Help, help, help!

(You need me to repeat that?)

There's more to it, but that's the gist.

She writes:

Help, help, help! Help us O God in our grief and our fear and our utter confusion. Help us to find a better way to live in community. Help us to find tranquility in our hearts, peace on our streets, and love of our neighbor. Give repose to the dead, healing to the wounded, and comfort to the sorrowful.

As prayers of confession go that's a pretty good one. It's a start. It's a first step. It's admitting, confessing that despite all the tragedy and chaos of the world, we want, we want to have hope. We want to believe that the landowner will return. We want to believe that somehow God - and we as God's tenants - together - will make things right.

We would love to be good tenants. We would love to tap on the news and be uplifted, pulled up from our holes. We don't want rainbows and unicorns. We just want to believe that things are getting better. That things will get better. That our higher power is in control. And that the world will have a new kind of spiritual reaction, one that produces hope.


More than one person has told me they just want to turn off the news. They want to delete all their social media. They want to live offline, off the grid. In a Tiny House. They say this because they're tired. They're just worn out from bad news.

Any of you feel like that? Wondering what's happened overnight? Worrying what's gonna happen today? Any of you tired of seeing bloodshed? Worn out from cries for justice?

God's felt that way, too.

Scripture says:

...the vineyard of the Lord of hosts is the house of Israel, and the people of Judah are his pleasant planting; he expected justice, but saw bloodshed; righteousness, but heard a cry!

The vineyard was supposed to produce joy and love. Instead it produced sorrow in the heart of its maker.

In Isaiah, God tramples out the vineyard completely. Lays waste to it. In Jesus's parable, the landowner doesn't pull up the vineyard, he just pulls up the tenant farmers who have sprayed a hail of violence on the messengers, and even murdered the landowner's son. And for what? For real estate. For money. For themselves. The landowner knows there are replacements. There are other tenants from other lands who will come and work the fields. So he throws out the bad tenants and brings in the new.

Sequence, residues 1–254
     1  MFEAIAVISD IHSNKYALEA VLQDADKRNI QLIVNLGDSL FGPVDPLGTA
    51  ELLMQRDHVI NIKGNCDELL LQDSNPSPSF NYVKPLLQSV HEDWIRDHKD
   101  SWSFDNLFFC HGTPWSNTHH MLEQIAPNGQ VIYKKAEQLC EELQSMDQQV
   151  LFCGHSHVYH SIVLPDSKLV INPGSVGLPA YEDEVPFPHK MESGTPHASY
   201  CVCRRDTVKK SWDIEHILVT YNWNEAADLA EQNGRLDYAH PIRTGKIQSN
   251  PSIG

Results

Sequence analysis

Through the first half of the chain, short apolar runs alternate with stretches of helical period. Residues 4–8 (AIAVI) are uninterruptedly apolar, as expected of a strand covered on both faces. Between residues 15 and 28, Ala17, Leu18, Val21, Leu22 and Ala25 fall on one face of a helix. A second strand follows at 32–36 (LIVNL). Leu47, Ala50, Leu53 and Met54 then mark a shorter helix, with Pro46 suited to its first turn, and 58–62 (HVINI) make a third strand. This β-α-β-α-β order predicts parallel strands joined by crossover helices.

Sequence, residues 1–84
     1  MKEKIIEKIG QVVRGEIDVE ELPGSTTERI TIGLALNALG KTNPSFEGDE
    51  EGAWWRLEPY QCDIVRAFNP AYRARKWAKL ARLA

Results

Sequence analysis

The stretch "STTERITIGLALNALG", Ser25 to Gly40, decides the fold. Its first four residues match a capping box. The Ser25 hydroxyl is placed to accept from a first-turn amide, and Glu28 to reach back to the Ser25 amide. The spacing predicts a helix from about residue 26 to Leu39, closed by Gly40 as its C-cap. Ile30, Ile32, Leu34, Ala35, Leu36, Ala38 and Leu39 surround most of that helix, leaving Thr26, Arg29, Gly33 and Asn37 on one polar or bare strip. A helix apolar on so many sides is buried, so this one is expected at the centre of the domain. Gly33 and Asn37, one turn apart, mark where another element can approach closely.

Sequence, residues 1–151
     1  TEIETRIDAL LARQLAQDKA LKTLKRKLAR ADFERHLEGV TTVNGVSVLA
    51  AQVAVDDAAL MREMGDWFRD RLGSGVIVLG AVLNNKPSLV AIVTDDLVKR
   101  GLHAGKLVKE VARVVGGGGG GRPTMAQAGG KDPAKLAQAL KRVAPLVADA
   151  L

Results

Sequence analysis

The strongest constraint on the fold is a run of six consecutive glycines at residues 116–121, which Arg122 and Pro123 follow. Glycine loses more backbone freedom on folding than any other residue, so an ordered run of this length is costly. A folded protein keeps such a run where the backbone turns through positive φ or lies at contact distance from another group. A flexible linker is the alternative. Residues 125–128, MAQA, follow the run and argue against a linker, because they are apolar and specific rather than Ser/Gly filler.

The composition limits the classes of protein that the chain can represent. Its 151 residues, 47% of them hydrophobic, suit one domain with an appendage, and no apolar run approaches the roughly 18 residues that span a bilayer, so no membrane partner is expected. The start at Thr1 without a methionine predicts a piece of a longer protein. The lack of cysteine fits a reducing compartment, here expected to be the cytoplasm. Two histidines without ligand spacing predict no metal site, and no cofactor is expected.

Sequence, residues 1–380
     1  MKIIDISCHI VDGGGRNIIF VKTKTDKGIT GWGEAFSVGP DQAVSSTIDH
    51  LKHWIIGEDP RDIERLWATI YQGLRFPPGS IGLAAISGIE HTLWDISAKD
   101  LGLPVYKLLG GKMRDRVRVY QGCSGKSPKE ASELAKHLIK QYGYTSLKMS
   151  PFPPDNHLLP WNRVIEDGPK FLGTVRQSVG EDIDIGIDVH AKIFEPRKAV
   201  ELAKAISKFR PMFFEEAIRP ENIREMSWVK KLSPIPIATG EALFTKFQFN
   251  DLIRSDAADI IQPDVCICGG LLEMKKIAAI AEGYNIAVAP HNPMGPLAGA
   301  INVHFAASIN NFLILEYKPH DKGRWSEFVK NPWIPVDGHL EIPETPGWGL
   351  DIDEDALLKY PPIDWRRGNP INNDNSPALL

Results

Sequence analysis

We might be able to turn off the news. We might be able to hide from the world. But we can't turn off God's justice. We can't hide from God's love for this vineyard, for this world, and for all the people in it, both good and no good. God doesn't give up. God finds a way.

I want to work for God's way. I want to hope for God's mercy. I want to pray for God's justice, knowing that, as the saying goes, "You gotta be careful what you pray for." I want to be part of making things right. I have no idea how. But I know that's where I stand.

I'm pretty confident you feel the same. We may not be the smartest people in the world. Or the most powerful. But we can be, we can be among the most hopeful. Not pie-in-the-sky, not living in a bubble, not addicted to the drug of denial. But we can be people who take the world for what it is. As seriously, as honestly, as realistically as Jesus did. We can be people who see the world for what it is -- and see ourselves for who we are. Confessing our sin. Admitting we're powerless. Taking that first step, of hope.

As the great prayer goes, "Help, help, help!" We pray that we need, we desperately need God's help. And we pray that we - you and I - we pray that we will hear people, hear a world crying, "Help, help, help!"

That we will find a way to help.

That we will find a way to hope.